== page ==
"There is no adequate explanation from defendants about why the 'reasonable accommodation' that must be extended to a medically exempt health care worker under 2.61 could not similarly be extended to a healthcare worker with a sincere religious objection," Judge David Hurd wrote.
Hurd's preliminary injunction means New York will continue to be barred from enforcing any requirement that employers deny religious exemptions.
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Unlike other judges who have heard similar cases about vaccine mandates, Judge Hurd concluded "the public interest lies with enforcing the guarantees enshrined in the Constitution and federal anti-discrimination law" and not the wider public health.
He wrote that the health care workers challenging suing the state were likely to succeed on the merits of their constitutional claim.
"The question presented by this case is not whether plaintiffs and other individuals are entitled to a religious exemption from the state's workplace vaccination requirement," he wrote. "Instead, the question is whether the state's summary imposition of 2.61 conflicts with plaintiffs' and other individuals' federally protected right to seek a religious accommodation from their individual employers. The answer to this question is clearly yes. Plaintiffs have established that 2.61 conflicts with longstanding federal protections for religious beliefs and that they and others will suffer irreparable harm in the absence of injunctive relief."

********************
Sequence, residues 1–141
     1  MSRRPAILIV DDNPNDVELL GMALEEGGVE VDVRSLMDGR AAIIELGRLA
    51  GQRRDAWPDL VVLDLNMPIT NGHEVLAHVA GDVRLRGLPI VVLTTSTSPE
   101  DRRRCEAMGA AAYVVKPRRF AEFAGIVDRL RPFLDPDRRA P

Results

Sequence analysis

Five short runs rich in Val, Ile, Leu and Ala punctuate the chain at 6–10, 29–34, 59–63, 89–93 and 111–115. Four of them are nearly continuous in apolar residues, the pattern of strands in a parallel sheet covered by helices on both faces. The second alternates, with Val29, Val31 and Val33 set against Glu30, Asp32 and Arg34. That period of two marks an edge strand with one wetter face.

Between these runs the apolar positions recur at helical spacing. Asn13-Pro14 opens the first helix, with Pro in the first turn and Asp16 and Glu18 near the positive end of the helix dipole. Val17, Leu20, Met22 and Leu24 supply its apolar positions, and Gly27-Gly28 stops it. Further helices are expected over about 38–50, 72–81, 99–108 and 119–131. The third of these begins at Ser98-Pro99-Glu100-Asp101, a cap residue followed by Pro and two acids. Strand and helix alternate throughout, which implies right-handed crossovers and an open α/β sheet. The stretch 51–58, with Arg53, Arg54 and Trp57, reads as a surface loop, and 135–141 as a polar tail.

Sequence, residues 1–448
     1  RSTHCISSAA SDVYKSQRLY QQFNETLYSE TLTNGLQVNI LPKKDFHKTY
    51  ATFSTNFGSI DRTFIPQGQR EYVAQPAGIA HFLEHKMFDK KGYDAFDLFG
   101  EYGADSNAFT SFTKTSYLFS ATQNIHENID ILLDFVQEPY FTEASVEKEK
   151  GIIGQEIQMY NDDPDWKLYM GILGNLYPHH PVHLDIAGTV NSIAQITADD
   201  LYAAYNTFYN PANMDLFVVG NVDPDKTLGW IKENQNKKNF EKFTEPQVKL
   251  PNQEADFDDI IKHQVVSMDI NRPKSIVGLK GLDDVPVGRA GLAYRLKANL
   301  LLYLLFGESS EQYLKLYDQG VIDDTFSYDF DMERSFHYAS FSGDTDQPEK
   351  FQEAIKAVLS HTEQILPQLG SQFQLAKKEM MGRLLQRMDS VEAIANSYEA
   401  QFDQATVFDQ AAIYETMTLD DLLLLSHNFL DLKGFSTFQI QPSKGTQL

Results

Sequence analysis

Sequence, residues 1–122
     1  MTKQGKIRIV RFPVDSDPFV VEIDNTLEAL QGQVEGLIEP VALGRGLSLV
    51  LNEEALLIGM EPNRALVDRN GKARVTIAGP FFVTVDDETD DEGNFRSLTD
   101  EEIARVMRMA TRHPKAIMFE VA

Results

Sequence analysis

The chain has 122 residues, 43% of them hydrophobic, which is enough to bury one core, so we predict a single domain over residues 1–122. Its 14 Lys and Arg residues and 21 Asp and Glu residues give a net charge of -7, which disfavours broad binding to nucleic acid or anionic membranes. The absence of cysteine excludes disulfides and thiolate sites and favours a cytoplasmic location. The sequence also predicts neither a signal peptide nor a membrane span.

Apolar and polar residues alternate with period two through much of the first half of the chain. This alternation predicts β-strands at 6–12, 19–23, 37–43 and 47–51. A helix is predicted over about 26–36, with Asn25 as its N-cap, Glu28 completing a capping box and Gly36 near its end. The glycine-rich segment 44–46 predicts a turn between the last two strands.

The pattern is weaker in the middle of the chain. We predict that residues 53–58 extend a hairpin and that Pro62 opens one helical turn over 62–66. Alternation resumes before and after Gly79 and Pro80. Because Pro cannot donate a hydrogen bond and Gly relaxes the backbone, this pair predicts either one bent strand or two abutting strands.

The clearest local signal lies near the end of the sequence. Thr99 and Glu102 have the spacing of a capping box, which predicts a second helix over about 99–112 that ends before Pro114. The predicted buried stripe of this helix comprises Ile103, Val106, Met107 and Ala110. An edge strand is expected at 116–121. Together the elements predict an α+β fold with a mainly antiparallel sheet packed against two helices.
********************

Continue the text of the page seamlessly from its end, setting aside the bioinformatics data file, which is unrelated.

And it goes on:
The plaintiffs said they hold the sincere religious belief that they "cannot consent to be inoculated...with vaccines that were tested, developed or produced with fetal cell lines derived from procured abortions."
According to the plaintiffs, the COVID-19 vaccines that are currently available violate these sincere religious beliefs "because they all employ fetal cell lines derived from procured abortion in testing, development or production."
Gov. Kathy Hochul's administration began requiring workers at hospitals and nursing homes to be vaccinated on Sept. 27 and more recently expanded the requirement to include workers at assisted living homes, hospice care, treatment centers and home health aides.
"My responsibility as Governor is to protect the people of this state, and requiring health care workers to get vaccinated accomplishes that," Hochul said in a statement. "I stand behind this mandate, and I will fight this decision in court to keep New Yorkers safe."
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